Illinois General Fund Spending in FY2016: How Elected Officials Cut Billions in Core Service Expenditures While Worsening the Deficit—All Without Casting a Vote
October 27, 2016
Illinois’ fiscal year (FY) 2016 ended without a comprehensive, annual, General Fund budget being passed by the General Assembly and signed into law by Governor Bruce Rauner. Instead, crucial services were funded—or not—through a hodgepodge of court authorizations and a series of partial appropriations. The normal budgeting process, in which legislators and the Governor publicly weigh priorities and make decisions to which they can be held accountable, for the most part did not occur. As a result, many significant cuts were made to core services like Health Care, Public Safety, and Human Services, without either a vote by the General Assembly, or a gubernatorial proposal or veto to do so. The public, as a result, was denied the type of transparency and accountability that should form an integral part of the budgeting process.
Indeed, the following cuts from FY2015 spending levels were made in FY2016, which no elected official had to go on record as supporting:
- A $467 million, or 27.3 percent, year-to-year cut to Public Safety;
- A $508 million, or 10.2 percent, year-to-year cut to Human Services.
When those cuts are added to the $1.318 billion, or 67.9 percent, year-to-year cut to Higher Education the General Assembly passed and the Governor signed into law, spending on essential current services in FY2016 was down by $2.911 billion, or 12.7 percent, from FY2015.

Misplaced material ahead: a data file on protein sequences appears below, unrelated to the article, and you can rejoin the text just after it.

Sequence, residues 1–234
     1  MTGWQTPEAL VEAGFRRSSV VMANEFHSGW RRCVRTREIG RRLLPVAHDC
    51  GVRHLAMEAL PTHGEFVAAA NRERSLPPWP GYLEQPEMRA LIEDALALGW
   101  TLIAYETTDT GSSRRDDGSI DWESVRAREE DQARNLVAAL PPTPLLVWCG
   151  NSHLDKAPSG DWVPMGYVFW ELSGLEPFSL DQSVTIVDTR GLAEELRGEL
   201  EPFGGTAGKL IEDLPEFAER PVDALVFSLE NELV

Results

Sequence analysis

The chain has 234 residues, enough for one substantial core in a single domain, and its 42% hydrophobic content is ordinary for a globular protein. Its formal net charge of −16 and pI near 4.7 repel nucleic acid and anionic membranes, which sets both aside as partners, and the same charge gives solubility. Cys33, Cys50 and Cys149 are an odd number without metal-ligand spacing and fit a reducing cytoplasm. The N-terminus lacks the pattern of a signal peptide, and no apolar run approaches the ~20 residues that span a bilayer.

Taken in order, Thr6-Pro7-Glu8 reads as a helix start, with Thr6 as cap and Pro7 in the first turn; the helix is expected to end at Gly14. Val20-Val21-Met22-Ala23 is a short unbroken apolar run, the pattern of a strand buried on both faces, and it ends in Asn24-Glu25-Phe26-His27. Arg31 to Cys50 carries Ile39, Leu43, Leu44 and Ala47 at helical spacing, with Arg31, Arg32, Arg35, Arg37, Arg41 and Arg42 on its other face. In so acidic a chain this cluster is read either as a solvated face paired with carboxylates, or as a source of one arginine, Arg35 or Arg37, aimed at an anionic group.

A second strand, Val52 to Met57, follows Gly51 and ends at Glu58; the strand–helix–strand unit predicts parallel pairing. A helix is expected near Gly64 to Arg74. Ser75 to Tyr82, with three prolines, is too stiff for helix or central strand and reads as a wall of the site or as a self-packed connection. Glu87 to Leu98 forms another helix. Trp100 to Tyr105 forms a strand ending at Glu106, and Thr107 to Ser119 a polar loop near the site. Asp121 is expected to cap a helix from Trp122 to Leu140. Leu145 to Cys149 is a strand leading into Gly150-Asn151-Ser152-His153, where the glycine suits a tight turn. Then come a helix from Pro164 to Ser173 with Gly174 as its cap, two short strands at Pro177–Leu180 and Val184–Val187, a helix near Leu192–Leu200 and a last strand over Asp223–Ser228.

Of the $21.484 billion in FY2016 General Fund spending on current services, only $7.121 billion—or one-third—was authorized through the standard public budgeting process, which requires both the General Assembly to vote on the appropriations in question, and the Governor to then sign those appropriations into law. That means fully two-thirds of the FY2016 General fund spending on current services was neither transparent to the public, nor made in a manner that permits the public to hold state elected officials accountable.
Predictably, this lack of transparency and accountability in the budget process did not lead to an improvement in the state’s fiscal condition. Indeed, by the end of FY2016, the accumulated General Fund deficit had reached $9.41 billion, an increase of $3.44 billion from the final FY2015 deficit of $5.97 billion.
- IB_2016.10.31_FY2016Update FINAL.pdf (644.61 KB)